A study conducted by Premier and Raja (1996) in Behind district in Madhya Pradesh and Farmer and Jailers districts in Restaurants found that female infanticide was community specific. Villages that were inhabited entirely or redundantly by Sugars, Hydras (Air) and the Ragouts had the lowest sex ratio. In multi-caste villages the chances of female infanticide reduced very substantially. The twin process of ‘elimination of unborn daughters’ and the ‘slow killing through neglect and discrimination of those that are born has become a matter of concern.

Female Fitted and Infanticide: State-wise incidence Analysis of Crime against Girl Children According to Crime in India (2000) fitted cases reported an increase by 49. 2 per cent over previous year and infanticide cases increased by 19. 5 per cent over previous year. However, state-wise analysis reveals wide variation from state to state. Table I shows that not a single case of fitted or infanticide has been reported from Raunchy Pradesh, GAO, Himalaya Pradesh Maniple, Mozart, England, Tripper and surprisingly even Attar Pradesh.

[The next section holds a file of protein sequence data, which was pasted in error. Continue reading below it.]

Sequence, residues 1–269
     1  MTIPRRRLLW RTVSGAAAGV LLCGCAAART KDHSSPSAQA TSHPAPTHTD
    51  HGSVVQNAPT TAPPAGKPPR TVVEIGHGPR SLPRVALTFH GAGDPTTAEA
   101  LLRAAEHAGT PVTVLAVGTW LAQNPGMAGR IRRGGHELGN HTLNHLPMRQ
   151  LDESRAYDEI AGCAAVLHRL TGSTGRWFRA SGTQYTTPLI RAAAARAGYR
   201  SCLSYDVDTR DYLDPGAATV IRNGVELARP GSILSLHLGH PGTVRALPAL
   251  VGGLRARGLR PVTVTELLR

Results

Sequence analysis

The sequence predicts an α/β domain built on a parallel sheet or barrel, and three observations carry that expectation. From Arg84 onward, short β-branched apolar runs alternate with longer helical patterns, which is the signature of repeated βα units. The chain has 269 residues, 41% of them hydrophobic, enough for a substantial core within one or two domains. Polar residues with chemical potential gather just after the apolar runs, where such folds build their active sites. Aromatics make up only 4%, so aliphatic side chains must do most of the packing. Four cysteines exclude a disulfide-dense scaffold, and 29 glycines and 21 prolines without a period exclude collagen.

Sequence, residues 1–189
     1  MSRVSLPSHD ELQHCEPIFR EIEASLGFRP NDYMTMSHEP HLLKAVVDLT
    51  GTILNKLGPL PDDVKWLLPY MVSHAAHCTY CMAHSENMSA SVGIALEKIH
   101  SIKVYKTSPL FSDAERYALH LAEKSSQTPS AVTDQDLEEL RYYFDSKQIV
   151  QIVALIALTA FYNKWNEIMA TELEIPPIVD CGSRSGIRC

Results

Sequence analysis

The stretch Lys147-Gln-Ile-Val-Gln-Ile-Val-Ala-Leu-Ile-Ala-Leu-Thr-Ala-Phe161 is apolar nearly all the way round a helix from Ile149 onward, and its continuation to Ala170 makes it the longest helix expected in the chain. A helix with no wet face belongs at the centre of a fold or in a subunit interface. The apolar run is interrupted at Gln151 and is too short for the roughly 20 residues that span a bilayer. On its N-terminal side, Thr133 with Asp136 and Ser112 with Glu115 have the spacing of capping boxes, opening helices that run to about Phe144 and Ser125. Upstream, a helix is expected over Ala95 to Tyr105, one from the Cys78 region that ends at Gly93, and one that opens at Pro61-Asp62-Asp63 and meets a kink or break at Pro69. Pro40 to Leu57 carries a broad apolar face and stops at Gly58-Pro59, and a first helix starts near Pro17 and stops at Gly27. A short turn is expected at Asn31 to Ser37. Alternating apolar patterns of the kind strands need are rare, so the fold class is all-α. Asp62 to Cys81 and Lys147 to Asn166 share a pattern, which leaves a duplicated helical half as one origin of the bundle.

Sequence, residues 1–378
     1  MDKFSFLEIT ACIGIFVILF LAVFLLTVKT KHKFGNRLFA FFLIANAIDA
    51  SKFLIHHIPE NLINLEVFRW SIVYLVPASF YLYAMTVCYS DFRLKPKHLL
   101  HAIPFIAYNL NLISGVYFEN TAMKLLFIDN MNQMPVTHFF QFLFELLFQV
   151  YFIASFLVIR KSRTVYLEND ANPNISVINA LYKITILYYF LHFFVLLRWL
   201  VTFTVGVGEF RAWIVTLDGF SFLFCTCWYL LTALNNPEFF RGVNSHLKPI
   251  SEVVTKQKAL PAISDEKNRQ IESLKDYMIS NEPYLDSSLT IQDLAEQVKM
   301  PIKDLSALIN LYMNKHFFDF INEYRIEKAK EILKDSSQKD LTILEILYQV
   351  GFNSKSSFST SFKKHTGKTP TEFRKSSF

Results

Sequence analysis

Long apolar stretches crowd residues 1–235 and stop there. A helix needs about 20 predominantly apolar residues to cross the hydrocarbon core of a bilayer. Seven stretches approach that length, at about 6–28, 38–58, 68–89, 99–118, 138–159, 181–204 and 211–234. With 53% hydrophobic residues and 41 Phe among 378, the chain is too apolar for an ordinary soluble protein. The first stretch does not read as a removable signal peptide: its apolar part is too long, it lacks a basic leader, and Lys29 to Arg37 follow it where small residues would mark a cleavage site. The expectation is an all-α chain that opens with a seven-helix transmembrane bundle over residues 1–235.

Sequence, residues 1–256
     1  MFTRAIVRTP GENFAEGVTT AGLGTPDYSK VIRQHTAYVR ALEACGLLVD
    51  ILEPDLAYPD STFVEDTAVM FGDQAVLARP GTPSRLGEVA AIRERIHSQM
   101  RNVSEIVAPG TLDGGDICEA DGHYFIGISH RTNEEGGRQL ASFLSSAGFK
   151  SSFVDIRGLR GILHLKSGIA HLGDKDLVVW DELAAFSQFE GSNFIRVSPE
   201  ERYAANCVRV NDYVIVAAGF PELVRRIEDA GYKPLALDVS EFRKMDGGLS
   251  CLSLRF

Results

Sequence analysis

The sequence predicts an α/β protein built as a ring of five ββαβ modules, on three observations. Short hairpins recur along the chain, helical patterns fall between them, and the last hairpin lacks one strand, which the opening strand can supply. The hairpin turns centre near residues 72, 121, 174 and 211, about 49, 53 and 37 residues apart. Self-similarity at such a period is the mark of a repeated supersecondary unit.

States of Assam, Gujarat, Jam and Kashmir, Kraal, Megalith, Punjab, Skim, Tamil Nadia, and West Bengal have reported only infanticide cases and no fitted cases have been reported from these states, whereas only fitted cases have been reported from Arioso and Changing. It is worthwhile exploring why crimes against the born and the unborn o not exist in some states and why some states have reported only infanticide cases or only fitted cases. Can it be because of non-reporting of cases or because of cultural and social variations that may be specific to these states?

These are some of the issues that need to be looked into. Among the states/Union Territories (come directly under central government rule) that report prevalence of both infanticide and fitted, the highest rate of prevalence is found in the states of Maharajah’s, followed by Madhya Pradesh, Andorra Pradesh, Restaurants, Harlan, Briar and the Union Territory of Delhi. Table 1: Incidence (l) Percentage Contribution to All India (P) of Crimes Committed Against Children during 2000 (State and UT-Wise) SSL. No.